JACKSON For the second time this week, local officials made headlines for their reactions to children's clothing styles.
Yesterday, on the first day of school at Canton High School, administrators yanked more than 100 kids out of class for wearing shoes that they say violated the school's dress code. The kids--whose parents were called to bring them more appropriate footwear--also received in-school suspensions.
"A number of students wore red shoes that can be identified with gangs . . . That looks good for Saturday, but not for school," Canton Public Schools Superintendent Dwight J. Luckett told WAPT Thursday.
One violating female student featured in the WAPT report wore black and turquoise Nikes; another, male, student had on gray Adidas with green stripes.
The handbook gives the school principal or her designee leeway to make judgment calls about what clothing is "inappropriate."
Canton requires students to wear uniforms consisting of khakis, tucked-in solid navy polo shirts with no blousing, khaki dresses and solid black, brown or white shoes. The uniform dress code also places restrictions on accessories--belts, socks, neckties--and outerwear, all of which must also be black, brown or khaki.
The handbook's list of prohibited garments includes boots with more than 2.5-inch heels, army and snow boots, stilettos, fishnet stocking or--underlined--"Any shoes having the colors that may be tied to gang membership, or can be deemed inappropriate by the principal or his/her designee."
Canton school employees also have a dress code, which requires men to wear neckties (custodians, maintenance and cafeteria workers, and technicians are exempt) and prohibits sexy or revealing clothing, jogging pants and clothing pertaining to fraternal organizations. With respect to shoes, the employee handbook bans the wearing of beach shoes, clogs, slippers and flip-flops, and sneakers by anyone other than coaches and gym teachers.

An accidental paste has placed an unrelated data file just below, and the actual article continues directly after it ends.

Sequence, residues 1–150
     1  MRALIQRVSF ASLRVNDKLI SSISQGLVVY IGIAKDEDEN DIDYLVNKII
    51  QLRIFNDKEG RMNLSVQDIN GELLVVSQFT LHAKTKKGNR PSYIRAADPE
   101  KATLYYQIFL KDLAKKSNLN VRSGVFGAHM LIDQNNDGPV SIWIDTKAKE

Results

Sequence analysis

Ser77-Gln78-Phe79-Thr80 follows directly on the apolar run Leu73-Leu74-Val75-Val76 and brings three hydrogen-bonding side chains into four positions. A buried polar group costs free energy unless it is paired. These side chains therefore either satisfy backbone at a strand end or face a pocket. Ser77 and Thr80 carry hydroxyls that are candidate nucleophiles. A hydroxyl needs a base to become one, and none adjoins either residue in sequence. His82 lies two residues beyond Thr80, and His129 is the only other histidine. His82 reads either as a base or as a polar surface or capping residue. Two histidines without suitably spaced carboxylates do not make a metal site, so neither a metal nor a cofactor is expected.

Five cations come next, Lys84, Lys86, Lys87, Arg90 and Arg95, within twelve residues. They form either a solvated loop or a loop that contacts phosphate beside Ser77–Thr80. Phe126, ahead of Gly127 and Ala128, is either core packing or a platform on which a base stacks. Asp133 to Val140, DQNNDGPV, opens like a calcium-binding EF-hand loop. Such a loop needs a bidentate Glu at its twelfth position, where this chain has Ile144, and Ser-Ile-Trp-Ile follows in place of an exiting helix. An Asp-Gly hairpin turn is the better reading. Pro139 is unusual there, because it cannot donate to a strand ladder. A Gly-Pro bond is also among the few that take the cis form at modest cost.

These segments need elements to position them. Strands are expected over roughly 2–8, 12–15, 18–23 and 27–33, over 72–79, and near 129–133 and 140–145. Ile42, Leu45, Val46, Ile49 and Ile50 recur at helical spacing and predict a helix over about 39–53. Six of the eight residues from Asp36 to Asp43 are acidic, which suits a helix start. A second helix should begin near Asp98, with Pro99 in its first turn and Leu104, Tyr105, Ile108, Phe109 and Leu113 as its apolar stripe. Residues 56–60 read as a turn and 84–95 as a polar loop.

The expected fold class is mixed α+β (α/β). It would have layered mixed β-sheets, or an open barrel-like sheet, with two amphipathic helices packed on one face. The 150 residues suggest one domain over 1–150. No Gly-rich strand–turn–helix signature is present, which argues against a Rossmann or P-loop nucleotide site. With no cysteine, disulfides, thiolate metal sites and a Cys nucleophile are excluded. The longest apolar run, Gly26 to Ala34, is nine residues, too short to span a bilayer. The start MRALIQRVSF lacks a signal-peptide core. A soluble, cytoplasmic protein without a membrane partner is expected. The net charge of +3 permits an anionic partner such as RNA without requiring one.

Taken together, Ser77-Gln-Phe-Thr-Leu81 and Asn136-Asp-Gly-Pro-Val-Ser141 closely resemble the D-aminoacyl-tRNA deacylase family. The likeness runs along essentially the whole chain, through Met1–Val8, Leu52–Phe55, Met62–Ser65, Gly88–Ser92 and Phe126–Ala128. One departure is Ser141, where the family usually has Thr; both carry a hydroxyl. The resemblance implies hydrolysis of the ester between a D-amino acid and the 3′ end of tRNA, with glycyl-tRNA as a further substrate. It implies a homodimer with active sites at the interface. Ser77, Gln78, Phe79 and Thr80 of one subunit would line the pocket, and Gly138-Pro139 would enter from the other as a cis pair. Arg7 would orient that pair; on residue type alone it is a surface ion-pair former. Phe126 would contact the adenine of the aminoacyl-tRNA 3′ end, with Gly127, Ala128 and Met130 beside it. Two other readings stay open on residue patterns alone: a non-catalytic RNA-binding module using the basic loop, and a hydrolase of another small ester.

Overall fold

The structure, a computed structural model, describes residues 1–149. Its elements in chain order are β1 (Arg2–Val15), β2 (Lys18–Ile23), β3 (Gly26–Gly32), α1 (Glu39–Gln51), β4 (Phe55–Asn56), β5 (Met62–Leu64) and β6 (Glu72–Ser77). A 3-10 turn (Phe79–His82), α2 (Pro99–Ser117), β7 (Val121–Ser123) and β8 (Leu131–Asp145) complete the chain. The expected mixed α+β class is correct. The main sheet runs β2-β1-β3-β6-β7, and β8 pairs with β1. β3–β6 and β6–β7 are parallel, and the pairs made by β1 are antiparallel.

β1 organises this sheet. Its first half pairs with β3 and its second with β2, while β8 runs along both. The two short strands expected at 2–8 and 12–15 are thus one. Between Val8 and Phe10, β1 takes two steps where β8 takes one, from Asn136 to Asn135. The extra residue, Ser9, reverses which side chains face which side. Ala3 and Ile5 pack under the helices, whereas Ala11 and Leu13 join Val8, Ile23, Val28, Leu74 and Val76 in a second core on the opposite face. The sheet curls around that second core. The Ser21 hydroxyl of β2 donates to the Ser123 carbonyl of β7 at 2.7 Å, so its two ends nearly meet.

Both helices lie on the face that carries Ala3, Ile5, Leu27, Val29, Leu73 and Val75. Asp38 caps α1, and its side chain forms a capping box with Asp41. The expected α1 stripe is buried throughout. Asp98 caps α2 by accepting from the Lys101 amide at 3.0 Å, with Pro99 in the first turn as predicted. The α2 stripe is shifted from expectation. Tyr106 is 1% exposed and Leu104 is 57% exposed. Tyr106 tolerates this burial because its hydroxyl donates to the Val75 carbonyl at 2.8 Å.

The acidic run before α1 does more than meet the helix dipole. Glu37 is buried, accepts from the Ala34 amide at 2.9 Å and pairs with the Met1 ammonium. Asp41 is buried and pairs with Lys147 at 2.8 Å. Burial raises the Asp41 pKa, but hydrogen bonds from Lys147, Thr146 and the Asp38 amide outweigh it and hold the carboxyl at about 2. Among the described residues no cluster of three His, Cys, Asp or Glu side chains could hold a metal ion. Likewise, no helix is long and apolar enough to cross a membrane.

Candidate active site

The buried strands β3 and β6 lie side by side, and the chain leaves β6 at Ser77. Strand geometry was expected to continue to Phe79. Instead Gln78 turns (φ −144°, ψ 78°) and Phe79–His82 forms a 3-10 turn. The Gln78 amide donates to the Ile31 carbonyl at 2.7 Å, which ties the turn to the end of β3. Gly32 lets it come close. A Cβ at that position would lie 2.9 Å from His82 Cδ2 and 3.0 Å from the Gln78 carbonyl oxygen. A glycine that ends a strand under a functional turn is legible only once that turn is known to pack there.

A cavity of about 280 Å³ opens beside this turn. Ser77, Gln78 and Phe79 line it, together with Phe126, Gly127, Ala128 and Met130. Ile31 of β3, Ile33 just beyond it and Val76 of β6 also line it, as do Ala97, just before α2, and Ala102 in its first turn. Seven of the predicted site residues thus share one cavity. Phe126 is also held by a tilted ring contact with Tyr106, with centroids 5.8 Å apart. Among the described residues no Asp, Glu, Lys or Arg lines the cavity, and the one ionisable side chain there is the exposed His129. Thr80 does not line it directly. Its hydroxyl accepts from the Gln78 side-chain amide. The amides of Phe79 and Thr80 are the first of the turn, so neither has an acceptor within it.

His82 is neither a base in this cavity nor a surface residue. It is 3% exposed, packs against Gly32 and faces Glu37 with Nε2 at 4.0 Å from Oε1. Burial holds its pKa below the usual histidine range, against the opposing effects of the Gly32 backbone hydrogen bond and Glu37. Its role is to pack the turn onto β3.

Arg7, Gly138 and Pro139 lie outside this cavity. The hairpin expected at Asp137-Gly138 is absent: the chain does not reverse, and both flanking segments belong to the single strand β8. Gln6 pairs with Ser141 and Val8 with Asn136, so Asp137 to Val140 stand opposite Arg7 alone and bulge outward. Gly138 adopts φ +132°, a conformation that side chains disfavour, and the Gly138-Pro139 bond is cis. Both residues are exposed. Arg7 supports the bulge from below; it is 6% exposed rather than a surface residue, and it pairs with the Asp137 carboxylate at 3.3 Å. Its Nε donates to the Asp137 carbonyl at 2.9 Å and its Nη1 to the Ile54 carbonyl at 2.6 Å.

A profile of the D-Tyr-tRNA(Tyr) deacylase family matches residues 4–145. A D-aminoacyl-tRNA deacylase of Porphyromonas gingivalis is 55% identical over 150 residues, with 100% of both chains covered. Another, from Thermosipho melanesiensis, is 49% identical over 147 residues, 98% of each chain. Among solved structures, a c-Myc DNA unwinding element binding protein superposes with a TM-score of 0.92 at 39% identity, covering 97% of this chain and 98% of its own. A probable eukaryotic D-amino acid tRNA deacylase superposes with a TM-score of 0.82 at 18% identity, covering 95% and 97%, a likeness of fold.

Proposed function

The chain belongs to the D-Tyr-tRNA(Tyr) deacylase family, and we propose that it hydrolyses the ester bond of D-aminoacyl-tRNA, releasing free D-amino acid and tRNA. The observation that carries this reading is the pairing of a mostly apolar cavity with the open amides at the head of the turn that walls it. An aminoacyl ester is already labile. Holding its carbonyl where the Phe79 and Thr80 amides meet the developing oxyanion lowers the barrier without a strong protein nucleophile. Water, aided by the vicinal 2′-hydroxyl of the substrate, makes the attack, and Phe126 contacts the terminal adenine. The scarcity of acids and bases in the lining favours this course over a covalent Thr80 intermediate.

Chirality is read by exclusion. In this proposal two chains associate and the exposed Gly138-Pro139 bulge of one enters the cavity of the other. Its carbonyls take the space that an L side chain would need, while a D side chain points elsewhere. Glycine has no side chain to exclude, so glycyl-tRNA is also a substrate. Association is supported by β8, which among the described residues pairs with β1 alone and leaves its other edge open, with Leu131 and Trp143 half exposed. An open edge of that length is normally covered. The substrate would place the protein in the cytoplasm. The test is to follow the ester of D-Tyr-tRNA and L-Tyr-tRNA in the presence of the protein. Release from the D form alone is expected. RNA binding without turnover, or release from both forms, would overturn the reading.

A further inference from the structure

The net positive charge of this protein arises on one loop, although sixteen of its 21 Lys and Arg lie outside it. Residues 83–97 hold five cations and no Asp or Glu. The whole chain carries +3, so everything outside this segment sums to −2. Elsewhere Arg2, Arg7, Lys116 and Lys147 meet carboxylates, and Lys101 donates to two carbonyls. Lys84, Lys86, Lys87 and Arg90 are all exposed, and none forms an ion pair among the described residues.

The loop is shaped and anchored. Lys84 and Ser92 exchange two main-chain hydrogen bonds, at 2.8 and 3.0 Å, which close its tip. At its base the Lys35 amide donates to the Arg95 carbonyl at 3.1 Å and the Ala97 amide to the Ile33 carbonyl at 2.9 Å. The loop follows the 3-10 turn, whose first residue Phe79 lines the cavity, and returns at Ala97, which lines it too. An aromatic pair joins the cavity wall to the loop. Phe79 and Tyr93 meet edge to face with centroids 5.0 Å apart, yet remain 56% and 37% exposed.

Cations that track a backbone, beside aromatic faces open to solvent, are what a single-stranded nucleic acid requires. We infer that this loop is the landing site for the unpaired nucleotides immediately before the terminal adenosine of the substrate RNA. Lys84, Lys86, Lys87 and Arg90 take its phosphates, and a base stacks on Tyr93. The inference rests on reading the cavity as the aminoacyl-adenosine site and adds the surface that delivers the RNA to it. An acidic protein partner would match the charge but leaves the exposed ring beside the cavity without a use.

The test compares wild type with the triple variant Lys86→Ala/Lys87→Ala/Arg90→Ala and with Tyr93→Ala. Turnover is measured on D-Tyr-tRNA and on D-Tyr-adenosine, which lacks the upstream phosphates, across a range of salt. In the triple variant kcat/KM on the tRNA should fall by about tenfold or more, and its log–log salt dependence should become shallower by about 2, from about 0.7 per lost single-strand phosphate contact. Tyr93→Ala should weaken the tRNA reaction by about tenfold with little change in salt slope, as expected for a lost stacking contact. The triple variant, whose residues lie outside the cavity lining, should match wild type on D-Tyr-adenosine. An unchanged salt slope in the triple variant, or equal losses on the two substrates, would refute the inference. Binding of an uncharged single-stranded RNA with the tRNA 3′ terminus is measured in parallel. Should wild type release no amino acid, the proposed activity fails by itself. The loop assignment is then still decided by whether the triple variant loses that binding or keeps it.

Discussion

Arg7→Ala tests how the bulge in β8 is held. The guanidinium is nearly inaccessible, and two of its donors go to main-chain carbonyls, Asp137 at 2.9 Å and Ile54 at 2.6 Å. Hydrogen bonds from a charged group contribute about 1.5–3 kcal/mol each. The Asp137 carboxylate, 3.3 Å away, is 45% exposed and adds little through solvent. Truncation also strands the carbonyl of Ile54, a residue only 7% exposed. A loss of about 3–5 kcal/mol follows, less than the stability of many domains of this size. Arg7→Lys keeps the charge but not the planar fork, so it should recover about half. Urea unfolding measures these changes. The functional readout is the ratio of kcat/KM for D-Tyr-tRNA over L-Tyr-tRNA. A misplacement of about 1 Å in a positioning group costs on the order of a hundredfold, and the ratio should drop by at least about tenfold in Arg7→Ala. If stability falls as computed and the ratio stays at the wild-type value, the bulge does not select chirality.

Canton High School Principal Shirley Sanders, who was not available for comment this morning, told WLBT: "We had kids with neon shoes, neon shoe strings, red shoes, black shoes and gang-related shoes."
The federal Bureau of Justice Statistics lists 17 organized gangs in Mississippi, including Black Gangster Disciples, Bloods, Crips, Latin Kings, and Vice Lords. These organizations brandish a variety of colors making most colors potentially gang associated.
Bear Atwood, legal director for the Mississippi ACLU, said the civil liberties advocacy organization was keeping an eye on the situation in Canton. She wonders whether students received adequate notification of the school's dress policy. Canton school officials said the policy is outlined in the student/parent handbook, distributed at registration.
Atwood also said that students who qualify for free-and-reduced priced lunches may also qualify for a waiver from purchasing school supplies and uniforms. With the waiver, the school must provide the items families cannot afford. Because 92 percent of Canton students are eligible for free or reduced lunch, Atwood also questions whether the district tells parents they can apply for the waiver.
The Canton student handbook does mention the availability of waivers for school supplies but not the uniform.
The Canton footwear fracas follows another fashion controversy earlier in the week when the Hinds County Board of Supervisors held a hearing on a proposed ordinance to criminalizing the popular fashion of sagging one's trousers.
More than a dozen people spoke on District 5 Supervisor Kenneth Stokes' proposal to impose nominal $10 fines on anyone caught wearing their pants low in Hinds County.
"The way we get out of this jail problem is to give them some jobs," Stokes said Tuesday. "No one is going to hire you with your pants hanging down."
The ACLU staged a small demonstration to protest the proposal, which the organization considers an unconstitutional violation of free speech.
Asked how a governmental ban is different from a public school's dress code, Atwood said courts have determined that schools, as a different setting from a public sidewalk, may place restrictions on how people dress.
"Even though you don't lose your constitutional rights when you walk through the school door, they have more leeway," Atwood said. "In schools, there's a mandate that there's a orderly, conducive environment."
The Rev. Jesse Jackson Jr., who visited Jackson for the Jackson Public Schools convocation and addressed Stokes' proposal. If local leaders take their eyes off what's important in students' lives, Jackson said, "People will be arguing about sagging pants and not sagging (access to) computers. Sagging pants not sagging salaries."